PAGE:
Human archive sent into space
An Israeli spacecraft is carrying a copy of human history to be backed up on the Moon.
Shooting straight past any notion of ‘cloud’ storage, the 30-million-page archive of human civilisation has been encoded on a medium designed to last billions of years, safeguarding mankind’s knowledge in case of an apocalyptic event on Earth.
‘The Lunar Library’ was launched by the Arch Mission Foundation (AMF) on a privately-funded spacecraft Beresheet (which means Genesis in English) last Thursday.
The archive is stored on a special 25-layer nanotech nickel disc, which is itself stored in a protected compartment that is designed to remain on the Moon for billions of years.
The Moon’s copy is the first instalment of the AMF’s ‘Archives of Civilization’ project, which includes backups of libraries of important knowledge, history, information and technology, delivered to many locations around Earth and other locations in the Solar System.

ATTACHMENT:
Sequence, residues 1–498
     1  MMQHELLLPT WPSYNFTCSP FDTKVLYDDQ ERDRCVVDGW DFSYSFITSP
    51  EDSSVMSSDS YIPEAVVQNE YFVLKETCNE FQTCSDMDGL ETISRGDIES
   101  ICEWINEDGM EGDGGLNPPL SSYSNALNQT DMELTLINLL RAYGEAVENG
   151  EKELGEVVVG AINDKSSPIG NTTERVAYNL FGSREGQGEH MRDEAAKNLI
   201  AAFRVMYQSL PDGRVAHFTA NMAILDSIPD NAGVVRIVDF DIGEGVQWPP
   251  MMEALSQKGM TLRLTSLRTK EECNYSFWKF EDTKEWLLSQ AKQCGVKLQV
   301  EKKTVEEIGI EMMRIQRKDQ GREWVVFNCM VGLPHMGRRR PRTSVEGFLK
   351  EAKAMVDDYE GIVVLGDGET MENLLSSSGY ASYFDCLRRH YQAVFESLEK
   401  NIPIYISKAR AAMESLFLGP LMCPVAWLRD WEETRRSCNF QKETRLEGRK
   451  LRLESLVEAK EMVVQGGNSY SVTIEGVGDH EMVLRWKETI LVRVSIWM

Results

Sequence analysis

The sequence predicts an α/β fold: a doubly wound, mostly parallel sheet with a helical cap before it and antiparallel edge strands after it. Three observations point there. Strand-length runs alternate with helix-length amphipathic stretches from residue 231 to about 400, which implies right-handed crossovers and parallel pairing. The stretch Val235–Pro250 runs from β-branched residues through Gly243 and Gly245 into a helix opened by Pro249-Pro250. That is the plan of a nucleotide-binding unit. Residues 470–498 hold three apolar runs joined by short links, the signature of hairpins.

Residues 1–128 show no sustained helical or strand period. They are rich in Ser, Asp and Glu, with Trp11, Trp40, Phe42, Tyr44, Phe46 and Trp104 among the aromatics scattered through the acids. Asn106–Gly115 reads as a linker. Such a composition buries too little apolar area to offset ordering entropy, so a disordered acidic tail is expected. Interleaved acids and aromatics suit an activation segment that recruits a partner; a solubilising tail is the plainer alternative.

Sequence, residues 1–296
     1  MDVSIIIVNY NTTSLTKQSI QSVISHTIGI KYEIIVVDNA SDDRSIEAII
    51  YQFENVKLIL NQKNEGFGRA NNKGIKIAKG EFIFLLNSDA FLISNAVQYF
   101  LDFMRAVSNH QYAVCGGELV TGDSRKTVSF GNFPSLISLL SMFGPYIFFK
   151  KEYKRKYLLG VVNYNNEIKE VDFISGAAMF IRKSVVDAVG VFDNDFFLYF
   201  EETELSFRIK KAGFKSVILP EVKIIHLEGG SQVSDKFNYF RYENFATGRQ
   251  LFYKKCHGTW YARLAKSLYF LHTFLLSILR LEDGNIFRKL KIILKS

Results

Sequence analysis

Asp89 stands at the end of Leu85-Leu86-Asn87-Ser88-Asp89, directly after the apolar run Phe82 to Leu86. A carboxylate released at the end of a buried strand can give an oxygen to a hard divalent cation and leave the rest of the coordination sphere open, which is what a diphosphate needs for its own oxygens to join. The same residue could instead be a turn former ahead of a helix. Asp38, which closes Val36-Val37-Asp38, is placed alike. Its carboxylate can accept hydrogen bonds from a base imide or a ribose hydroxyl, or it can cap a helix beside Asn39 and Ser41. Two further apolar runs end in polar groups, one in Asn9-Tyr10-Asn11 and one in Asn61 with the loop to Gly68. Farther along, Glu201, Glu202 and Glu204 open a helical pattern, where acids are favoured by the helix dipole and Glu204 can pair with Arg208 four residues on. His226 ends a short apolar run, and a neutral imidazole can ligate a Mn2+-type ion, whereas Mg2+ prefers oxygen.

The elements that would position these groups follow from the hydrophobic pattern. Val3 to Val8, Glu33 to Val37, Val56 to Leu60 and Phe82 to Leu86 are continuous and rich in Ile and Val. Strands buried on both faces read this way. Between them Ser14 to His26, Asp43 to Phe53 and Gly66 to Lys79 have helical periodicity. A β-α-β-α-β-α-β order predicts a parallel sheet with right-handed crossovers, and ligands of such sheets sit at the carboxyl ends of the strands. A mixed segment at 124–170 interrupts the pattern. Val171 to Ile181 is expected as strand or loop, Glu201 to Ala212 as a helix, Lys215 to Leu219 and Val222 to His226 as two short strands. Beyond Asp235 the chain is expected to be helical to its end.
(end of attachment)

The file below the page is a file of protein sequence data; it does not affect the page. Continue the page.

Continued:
The Billion Year Archive contains a vast collection of important human knowledge, including a full copy of Wikipedia and many other data sets.
“The Billion Year Archive is an important achievement for the Arch Mission Foundation, and for the preservation of human civilization,” said Nova Spivack, co-founder of the Arch Mission Foundation.
“We’ve worked for over 2 years to curate the data and build this ultra-long durability time-capsule.
“This is the largest set of knowledge ever stored in a single object of this scale. It will also be the largest amount of human knowledge landed on another planetary object, as well as the longest-lasting library humans have ever built.”